Introduction

To write anything, you really need to know five things:

  • your content, including jargon,
  • who your audience is and what they need,
  • appropriate grammar, style and level of formality,
  • the structures and conventions of your text,
  • how to use the most effective process.

Some people manage this knowledge so effortlessly and have a knack for written language—they are the ones who we say have talent.  And many people are tempted to say that they don’t have talent, so they can’t write.  That is not true at all. Although not everyone has a natural talent for writing, anybody can learn the skills needed to communicate effectively in writing.  That is what we are offering here.

Knowledge of content comes from effective research and prewriting.  Audience analysis can help you explore what your readers know, believe and need to know, along with the appropriate style for your writing.  Outline templates help you understand the structures and conventions of different genres of writing.  Finally, if you choose to follow the process—prewriting, organizing, drafting, revising and editing—you can write more effective papers.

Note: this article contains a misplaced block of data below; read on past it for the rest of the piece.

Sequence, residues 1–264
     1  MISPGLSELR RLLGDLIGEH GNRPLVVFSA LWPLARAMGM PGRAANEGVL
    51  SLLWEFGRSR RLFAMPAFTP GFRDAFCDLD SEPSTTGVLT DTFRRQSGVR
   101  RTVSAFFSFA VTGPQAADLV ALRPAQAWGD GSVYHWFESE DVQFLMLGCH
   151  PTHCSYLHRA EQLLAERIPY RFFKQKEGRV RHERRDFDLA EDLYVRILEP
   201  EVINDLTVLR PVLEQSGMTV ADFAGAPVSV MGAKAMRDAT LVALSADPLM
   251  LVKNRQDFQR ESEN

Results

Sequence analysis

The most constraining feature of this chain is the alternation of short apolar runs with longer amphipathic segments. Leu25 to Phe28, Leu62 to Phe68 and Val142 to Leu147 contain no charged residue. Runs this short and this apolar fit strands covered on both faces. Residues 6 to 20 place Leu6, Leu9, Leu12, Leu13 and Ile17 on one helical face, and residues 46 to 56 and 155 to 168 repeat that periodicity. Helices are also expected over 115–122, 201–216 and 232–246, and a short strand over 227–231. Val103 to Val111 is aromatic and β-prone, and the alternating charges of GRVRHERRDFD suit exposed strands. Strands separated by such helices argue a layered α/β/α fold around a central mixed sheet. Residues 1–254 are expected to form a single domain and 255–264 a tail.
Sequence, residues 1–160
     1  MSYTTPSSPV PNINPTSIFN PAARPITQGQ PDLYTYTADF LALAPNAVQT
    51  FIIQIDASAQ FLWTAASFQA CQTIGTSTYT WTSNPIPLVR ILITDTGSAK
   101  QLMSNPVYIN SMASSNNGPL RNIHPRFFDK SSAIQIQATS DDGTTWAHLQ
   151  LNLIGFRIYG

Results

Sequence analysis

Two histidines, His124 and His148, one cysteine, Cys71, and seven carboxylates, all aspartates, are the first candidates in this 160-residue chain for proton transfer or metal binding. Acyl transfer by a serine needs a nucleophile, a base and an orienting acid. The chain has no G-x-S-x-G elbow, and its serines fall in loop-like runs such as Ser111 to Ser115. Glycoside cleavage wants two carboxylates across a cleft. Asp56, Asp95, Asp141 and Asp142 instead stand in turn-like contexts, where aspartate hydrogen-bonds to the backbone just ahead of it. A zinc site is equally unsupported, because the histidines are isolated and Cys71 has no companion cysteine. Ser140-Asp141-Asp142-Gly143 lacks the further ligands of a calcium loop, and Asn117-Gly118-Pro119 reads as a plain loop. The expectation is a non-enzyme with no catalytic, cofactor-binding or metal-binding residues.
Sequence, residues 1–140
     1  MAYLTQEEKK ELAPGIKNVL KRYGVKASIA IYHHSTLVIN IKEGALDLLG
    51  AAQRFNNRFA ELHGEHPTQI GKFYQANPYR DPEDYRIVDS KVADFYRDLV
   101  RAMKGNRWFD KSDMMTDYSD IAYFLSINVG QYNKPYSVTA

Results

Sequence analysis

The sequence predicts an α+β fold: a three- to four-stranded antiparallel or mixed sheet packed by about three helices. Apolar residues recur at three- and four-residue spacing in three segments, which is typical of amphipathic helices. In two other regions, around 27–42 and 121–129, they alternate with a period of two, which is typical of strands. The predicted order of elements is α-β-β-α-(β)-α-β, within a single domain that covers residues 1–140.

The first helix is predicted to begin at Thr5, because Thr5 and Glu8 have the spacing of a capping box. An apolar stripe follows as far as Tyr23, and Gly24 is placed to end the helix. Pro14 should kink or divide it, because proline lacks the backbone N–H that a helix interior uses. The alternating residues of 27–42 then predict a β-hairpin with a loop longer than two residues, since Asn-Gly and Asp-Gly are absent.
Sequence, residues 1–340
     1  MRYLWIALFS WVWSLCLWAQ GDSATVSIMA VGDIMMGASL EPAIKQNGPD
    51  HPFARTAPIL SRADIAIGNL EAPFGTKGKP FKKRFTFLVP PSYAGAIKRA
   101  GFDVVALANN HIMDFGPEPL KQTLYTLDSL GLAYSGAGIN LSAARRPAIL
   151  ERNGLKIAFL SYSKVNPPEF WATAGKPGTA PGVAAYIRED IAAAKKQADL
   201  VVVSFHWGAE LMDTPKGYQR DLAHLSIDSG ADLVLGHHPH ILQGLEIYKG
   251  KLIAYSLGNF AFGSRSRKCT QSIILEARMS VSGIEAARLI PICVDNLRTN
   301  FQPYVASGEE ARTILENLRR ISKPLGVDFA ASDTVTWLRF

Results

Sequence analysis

Once you get your ideas on paper and organize them, the finishing touch is correct grammar.  Careful editing is important—though for many people it is tedious and difficult.  You’ll probably be happy to know that good writers don’t need to memorize every rule of grammar, though. They need to pay close attention to what is on the page, strive for clarity, and look up the correct form for anything that doesn’t seem right. Often writers need to read their work out loud and get somebody else to double-check their grammar.  At Writer’s Alley, we hope to provide resources to make this process easier and more effective for teachers and students of writing.

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